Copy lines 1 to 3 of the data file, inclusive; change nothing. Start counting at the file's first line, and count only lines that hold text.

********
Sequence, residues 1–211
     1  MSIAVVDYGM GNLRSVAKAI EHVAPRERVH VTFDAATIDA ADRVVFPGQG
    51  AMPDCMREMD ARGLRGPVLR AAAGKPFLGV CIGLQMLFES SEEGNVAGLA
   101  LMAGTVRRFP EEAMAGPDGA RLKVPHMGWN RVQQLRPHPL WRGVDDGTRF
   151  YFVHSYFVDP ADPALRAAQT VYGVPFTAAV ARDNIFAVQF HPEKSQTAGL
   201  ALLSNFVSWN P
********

Sequence, residues 1–211
     1  MSIAVVDYGM GNLRSVAKAI EHVAPRERVH VTFDAATIDA ADRVVFPGQG
    51  AMPDCMREMD ARGLRGPVLR AAAGKPFLGV CIGLQMLFES SEEGNVAGLA